It is very helpful to understand how this shapes our world and how it drives our behavior. We can become aware of and change our programming with work and practice.

3. The ability to be with our emotions (and those of others) is also of utmost importance. As humans we have the ability to let emotions move through us. Not only that, it is vital and healthy to do so. Emotions have useful information in them as well.

4. The fourth area I’ll call ‘knowing your truth.’ This is the connection to your heart and soul. If we grow our clarity and trust in this and our worthiness of having what we desire, this will take us further than anything else.

What do you believe in your core? What matters most to you? What’s your purpose? What do you desire?

I hope this blog has convinced you that it is a worthy, worthwhile, and noble cause to spend time getting to know yourself better. Only by knowing ourselves can we really know others at the highest level. Then it is our honor and privilege to be able to influence them, which is what we will talk about in my next post …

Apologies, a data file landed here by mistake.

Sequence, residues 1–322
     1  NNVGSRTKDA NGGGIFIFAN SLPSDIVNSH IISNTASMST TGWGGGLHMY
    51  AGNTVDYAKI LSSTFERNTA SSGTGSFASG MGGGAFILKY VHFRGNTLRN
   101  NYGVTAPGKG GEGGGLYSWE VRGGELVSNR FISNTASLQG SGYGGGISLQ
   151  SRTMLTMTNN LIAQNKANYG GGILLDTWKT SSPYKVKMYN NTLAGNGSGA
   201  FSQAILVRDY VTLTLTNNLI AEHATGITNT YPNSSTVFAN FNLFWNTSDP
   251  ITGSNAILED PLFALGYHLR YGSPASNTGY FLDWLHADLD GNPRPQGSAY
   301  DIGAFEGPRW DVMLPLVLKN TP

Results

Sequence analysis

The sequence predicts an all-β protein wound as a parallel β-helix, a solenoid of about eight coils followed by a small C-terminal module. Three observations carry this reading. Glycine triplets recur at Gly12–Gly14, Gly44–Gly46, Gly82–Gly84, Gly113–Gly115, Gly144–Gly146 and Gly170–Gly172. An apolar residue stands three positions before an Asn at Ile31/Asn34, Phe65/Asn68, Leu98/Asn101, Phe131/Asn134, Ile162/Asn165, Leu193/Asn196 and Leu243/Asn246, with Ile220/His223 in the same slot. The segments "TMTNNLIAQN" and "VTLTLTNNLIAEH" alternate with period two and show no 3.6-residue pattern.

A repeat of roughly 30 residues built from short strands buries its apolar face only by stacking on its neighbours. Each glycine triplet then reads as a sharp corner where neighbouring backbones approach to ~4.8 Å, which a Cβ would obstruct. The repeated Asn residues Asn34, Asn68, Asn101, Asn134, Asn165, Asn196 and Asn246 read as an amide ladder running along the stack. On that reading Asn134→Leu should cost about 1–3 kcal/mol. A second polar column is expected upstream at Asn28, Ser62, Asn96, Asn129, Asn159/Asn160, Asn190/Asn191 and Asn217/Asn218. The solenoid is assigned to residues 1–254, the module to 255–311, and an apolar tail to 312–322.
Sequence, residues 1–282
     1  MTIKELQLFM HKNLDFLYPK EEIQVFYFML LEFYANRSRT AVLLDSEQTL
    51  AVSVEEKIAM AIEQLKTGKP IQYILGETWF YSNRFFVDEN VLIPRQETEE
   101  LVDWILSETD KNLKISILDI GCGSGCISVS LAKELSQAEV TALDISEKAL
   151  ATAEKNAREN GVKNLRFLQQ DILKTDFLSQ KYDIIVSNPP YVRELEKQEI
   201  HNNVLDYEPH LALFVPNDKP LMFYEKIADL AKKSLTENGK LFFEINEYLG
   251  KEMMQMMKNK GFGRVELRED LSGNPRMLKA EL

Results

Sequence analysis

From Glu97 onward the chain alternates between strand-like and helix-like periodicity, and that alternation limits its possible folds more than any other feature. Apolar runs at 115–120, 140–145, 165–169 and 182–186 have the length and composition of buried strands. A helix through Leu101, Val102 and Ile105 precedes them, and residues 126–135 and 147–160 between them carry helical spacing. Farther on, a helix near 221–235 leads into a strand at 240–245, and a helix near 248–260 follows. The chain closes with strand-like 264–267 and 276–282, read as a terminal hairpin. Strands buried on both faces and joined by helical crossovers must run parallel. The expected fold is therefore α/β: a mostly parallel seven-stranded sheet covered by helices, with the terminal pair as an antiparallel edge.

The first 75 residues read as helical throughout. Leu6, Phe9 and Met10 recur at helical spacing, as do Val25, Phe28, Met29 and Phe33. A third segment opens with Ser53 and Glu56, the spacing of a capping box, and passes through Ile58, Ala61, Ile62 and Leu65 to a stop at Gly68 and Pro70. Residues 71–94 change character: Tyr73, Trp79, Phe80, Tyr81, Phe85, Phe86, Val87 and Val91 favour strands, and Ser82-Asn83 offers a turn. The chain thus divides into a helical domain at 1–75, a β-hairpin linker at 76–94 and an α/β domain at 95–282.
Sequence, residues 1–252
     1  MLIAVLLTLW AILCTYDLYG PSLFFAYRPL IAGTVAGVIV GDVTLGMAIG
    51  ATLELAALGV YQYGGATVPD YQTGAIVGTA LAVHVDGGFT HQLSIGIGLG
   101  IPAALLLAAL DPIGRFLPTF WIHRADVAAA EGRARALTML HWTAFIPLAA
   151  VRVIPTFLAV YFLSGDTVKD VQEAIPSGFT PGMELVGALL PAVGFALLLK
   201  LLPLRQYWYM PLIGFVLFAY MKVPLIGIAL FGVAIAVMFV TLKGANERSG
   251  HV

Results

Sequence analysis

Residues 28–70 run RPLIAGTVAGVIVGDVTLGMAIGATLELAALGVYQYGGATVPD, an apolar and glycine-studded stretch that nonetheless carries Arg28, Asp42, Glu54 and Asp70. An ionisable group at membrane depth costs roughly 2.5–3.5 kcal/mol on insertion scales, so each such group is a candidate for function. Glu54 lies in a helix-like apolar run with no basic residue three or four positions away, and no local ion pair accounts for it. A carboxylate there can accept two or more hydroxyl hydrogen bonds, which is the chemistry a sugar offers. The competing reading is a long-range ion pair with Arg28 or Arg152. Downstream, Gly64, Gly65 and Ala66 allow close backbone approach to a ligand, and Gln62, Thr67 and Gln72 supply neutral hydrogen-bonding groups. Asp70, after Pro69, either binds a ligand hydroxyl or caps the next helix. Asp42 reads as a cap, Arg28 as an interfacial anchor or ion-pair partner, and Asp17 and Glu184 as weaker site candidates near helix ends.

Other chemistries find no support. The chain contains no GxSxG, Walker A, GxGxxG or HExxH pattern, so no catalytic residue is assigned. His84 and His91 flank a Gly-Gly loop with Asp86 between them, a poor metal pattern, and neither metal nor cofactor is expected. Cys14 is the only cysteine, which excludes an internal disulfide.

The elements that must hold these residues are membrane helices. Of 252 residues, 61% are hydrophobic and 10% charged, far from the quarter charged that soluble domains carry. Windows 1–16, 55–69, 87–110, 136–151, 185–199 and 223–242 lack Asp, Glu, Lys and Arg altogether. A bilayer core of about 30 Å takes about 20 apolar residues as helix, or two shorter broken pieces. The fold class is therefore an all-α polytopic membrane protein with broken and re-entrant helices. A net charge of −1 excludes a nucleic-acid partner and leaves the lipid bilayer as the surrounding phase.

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Allison Watts DDS

Allison graduated from Baylor College of Dentistry in 1995 and practices dentistry part time in Midland, Texas at the practice she started from scratch after she graduated from dental school. Allison is committed to high quality, relationship-based comprehensive care and her favorite subject is leadership, especially self-leadership. She is the president and founder of Transformational Practices, where she works with dentists to become their personal and professional best. As a lifelong learner and as part of the visiting faculty here at Pankey, she loves learning as well as teaching. Her favorite thing is witnessing and creating a-ha moments for people and feels the best rewards are the positive impact and ripple effects that come from improving one’s leadership skills and confidence level. She is a certified coach and a leader in the work of the Ford Institute of Integrative Coaching, as well as a certified John Maxwell Coach.

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Willing and Able to Influence Behavior

December 13, 2018 Allison Watts DDS